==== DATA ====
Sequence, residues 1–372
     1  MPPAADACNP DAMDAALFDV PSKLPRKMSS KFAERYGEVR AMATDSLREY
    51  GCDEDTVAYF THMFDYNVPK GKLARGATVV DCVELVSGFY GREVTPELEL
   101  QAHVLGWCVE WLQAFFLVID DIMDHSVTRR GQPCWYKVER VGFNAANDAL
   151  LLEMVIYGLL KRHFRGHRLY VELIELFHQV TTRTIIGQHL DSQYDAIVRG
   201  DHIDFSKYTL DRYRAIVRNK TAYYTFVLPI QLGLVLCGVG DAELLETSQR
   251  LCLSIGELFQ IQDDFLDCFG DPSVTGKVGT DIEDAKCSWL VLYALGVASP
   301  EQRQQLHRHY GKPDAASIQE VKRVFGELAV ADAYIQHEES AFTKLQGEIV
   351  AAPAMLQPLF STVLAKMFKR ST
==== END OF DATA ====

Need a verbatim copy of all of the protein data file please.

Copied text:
Sequence, residues 1–372
     1  MPPAADACNP DAMDAALFDV PSKLPRKMSS KFAERYGEVR AMATDSLREY
    51  GCDEDTVAYF THMFDYNVPK GKLARGATVV DCVELVSGFY GREVTPELEL
   101  QAHVLGWCVE WLQAFFLVID DIMDHSVTRR GQPCWYKVER VGFNAANDAL
   151  LLEMVIYGLL KRHFRGHRLY VELIELFHQV TTRTIIGQHL DSQYDAIVRG
   201  DHIDFSKYTL DRYRAIVRNK TAYYTFVLPI QLGLVLCGVG DAELLETSQR
   251  LCLSIGELFQ IQDDFLDCFG DPSVTGKVGT DIEDAKCSWL VLYALGVASP
   301  EQRQQLHRHY GKPDAASIQE VKRVFGELAV ADAYIQHEES AFTKLQGEIV
   351  AAPAMLQPLF STVLAKMFKR ST